Obviously, there is much in this statement that is good, but the devil is in the details. Ascol has drawn attention to a response to this statement written by Roger Olson, a Baptist who identifies himself as a classical Arminian. I have significant disagreements with Olson, but I have long appreciated his ability to bring clarity to the discussion. Furthermore, it was through reading Olson’s book Arminian Theology: Myths and Realities that I came to understand how close to each other Calvinism and Arminianism are with respect to the doctrine of humanity and the effects of the Fall. This has led me to conclude that a robust, thoughtful Arminian theology is more faithful to Scripture than what is proclaimed from many evangelical pulpits today, a theology that has failed to take into account the radical effects of sin on us. Although I am certainly not an Arminian, I would consider it an improvement if many evangelical churches moved toward a more thoughtful Arminian theology. In fact, it might just be one stop along the way toward a biblically faithful Calvinism!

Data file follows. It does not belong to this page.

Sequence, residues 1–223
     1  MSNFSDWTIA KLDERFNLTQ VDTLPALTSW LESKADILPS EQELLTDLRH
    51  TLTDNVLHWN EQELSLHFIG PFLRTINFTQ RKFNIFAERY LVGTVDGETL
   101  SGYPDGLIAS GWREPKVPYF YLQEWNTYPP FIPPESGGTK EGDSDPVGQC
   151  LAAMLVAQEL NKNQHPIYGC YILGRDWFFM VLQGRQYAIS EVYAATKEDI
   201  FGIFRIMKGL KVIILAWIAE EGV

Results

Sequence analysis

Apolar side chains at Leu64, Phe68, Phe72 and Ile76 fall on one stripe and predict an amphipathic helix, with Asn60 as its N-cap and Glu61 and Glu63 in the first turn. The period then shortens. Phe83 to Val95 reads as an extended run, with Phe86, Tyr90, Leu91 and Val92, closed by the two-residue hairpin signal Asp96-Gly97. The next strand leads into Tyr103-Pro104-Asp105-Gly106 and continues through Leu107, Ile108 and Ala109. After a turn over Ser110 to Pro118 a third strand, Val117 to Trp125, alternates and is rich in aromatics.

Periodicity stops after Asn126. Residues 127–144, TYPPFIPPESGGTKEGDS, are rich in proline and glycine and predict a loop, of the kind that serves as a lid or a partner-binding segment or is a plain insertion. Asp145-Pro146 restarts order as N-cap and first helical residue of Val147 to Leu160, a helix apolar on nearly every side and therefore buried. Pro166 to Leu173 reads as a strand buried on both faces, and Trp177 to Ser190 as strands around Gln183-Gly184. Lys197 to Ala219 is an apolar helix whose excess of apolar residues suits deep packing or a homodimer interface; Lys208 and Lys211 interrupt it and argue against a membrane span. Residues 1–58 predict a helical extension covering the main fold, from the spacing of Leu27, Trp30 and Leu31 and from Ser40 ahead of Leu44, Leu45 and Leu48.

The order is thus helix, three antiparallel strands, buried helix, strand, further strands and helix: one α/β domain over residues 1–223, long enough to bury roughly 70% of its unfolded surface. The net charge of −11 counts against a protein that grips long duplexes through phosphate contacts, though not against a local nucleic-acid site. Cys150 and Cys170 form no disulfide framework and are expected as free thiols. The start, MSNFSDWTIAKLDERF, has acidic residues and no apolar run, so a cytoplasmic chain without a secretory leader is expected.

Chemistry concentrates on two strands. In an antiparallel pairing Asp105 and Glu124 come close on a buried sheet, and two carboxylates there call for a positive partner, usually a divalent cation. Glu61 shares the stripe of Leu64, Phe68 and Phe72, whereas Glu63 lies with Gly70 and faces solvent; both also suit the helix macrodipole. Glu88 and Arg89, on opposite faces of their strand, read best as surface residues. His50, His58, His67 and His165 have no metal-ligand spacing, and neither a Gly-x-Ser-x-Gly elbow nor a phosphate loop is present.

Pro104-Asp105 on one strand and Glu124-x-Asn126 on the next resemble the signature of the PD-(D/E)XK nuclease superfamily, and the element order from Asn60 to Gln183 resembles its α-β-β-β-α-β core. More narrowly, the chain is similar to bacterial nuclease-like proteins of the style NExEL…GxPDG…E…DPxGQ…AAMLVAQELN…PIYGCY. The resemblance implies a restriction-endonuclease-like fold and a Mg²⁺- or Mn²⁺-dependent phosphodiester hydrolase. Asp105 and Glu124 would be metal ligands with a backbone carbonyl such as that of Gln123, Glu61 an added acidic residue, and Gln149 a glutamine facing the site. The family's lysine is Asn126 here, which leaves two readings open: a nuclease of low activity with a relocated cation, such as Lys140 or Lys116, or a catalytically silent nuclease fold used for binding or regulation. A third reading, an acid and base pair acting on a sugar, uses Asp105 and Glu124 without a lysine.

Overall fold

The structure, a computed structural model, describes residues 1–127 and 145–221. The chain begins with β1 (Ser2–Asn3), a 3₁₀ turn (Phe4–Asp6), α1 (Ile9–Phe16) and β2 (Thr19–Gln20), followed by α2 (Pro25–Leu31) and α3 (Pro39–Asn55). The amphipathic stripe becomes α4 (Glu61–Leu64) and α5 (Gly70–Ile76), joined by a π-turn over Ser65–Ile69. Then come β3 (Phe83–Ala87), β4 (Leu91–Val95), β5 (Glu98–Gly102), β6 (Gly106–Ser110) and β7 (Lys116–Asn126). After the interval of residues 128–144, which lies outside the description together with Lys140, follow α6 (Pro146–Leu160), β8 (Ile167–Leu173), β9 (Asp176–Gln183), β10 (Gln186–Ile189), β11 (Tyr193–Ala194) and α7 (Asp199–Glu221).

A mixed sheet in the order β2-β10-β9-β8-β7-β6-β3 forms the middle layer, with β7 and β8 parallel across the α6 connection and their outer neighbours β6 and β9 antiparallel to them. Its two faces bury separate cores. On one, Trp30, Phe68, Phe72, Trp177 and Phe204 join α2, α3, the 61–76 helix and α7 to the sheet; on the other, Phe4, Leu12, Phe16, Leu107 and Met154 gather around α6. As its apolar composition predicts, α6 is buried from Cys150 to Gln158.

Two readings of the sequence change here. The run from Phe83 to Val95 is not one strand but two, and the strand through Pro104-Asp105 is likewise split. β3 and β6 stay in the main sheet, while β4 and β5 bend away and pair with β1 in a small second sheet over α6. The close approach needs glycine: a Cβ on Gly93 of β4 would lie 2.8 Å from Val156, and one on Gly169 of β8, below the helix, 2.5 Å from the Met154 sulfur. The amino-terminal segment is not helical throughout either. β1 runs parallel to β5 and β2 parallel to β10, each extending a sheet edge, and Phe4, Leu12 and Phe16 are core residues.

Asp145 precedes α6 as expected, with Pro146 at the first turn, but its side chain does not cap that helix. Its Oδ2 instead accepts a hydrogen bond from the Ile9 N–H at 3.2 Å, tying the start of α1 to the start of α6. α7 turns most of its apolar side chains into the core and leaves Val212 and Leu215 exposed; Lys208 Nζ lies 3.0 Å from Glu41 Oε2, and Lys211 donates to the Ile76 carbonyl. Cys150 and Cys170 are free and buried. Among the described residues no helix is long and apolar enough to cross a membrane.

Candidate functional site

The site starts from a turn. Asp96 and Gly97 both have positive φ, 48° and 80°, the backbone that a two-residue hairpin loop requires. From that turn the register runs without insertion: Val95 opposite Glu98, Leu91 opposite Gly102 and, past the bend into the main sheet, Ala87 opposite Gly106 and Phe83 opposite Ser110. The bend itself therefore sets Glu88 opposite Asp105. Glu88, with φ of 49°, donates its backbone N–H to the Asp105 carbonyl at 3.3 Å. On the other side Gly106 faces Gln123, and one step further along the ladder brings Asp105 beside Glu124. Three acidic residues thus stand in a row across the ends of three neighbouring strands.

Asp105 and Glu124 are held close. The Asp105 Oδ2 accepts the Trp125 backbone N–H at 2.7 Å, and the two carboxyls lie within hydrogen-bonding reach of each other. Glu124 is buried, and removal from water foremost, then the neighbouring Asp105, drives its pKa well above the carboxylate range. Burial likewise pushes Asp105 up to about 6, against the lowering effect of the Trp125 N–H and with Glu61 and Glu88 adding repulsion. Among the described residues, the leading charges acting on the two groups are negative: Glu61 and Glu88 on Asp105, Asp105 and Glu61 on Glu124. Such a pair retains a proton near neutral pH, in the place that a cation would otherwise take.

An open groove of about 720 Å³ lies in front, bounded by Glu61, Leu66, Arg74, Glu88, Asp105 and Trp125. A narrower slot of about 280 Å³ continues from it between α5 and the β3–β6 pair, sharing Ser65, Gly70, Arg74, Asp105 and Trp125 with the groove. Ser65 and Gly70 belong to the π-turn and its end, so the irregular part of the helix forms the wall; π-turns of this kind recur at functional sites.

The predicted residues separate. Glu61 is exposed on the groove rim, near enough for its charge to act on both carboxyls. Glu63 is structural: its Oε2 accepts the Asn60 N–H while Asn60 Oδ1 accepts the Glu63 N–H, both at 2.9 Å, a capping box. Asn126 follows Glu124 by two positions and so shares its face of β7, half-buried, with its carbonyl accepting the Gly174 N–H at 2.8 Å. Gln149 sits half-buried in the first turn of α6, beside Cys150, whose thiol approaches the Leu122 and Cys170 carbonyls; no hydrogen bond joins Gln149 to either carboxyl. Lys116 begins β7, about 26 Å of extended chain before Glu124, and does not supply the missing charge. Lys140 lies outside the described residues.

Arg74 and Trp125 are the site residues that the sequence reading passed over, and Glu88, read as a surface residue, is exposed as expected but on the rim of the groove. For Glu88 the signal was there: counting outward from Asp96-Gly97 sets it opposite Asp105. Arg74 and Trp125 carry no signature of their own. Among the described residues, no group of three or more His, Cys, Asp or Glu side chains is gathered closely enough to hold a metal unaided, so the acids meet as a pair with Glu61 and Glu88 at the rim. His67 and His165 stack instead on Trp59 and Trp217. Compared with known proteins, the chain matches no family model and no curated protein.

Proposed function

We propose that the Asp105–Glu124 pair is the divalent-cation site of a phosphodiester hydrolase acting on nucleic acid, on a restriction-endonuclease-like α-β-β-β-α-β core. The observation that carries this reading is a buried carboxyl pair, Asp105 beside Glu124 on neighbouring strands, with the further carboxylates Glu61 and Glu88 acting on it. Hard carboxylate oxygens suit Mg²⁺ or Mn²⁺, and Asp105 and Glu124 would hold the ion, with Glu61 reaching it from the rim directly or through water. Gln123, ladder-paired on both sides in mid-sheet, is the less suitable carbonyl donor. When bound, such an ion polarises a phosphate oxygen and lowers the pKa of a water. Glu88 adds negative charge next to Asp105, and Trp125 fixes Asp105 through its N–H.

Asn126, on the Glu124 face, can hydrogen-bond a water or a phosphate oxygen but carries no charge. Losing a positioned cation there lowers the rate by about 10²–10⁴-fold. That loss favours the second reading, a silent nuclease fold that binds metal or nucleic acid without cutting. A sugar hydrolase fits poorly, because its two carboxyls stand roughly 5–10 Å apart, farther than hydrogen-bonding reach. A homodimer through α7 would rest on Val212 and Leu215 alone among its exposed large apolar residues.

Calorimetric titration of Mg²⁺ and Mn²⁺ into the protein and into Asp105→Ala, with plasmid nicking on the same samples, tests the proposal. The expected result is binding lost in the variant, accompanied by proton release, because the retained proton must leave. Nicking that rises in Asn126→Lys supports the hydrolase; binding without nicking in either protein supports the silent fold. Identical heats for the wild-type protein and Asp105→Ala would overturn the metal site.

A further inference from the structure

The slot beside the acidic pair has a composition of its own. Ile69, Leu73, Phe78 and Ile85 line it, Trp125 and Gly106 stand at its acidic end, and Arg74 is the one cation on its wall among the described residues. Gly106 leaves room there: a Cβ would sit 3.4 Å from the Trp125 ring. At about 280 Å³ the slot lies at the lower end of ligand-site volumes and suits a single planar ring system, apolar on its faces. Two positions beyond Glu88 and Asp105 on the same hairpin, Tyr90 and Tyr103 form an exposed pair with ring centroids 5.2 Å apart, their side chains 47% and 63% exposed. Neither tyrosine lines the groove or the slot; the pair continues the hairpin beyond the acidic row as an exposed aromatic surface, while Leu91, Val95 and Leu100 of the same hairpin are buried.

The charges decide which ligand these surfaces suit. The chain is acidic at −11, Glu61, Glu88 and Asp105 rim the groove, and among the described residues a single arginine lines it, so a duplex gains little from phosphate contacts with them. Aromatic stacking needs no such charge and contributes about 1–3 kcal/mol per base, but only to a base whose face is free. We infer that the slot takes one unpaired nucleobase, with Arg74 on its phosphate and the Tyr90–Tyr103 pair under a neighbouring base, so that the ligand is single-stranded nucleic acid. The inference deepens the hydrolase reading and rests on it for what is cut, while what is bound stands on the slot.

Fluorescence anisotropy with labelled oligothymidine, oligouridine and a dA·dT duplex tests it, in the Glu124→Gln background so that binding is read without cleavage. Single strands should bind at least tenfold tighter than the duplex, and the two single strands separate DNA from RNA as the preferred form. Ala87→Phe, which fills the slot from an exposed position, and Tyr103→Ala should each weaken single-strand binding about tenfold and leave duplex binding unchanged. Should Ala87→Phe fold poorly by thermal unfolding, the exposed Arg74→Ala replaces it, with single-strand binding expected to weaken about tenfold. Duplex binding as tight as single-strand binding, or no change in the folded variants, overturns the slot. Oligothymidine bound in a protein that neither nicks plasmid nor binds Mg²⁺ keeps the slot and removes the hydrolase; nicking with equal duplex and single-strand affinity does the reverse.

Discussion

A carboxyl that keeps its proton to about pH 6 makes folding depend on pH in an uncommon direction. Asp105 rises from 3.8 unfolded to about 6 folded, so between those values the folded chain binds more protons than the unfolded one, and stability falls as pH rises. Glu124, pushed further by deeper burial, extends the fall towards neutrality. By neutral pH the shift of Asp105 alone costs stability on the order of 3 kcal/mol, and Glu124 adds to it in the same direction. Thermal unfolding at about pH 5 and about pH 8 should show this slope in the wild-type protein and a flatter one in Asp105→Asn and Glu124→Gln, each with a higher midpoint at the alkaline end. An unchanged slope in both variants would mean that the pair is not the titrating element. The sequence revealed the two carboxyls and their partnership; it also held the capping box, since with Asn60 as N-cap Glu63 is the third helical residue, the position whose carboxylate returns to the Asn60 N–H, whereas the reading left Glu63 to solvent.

Olson is no Calvinist, to be sure, but he has a very significant disagreement with the non-Calvinist statement that has recently been published. He writes,
A classical Arminian would never deny that Adam’s sin resulted in the incapacitation of any person’s free will. Classical Arminianism (as I have demonstrated in Arminian Theology: Myths and Realities) strongly affirms the bondage of the will to sin before and apart from prevenient grace’s liberating work.
Now, perhaps this is the point of the statement’s mention of “the Holy Spirit’s drawing through the Gospel.” But that, too, can be interpreted in a semi-Pelagian way. Semi-Pelagians such as Philip Limborch and (at least in some of his writings) Charles Finney affirmed the necessity of the gospel and the Holy Spirit’s enlightening work through it for salvation. What made them semi-Pelagian was their denial or neglect of the divine initiative in salvation (except the gospel message).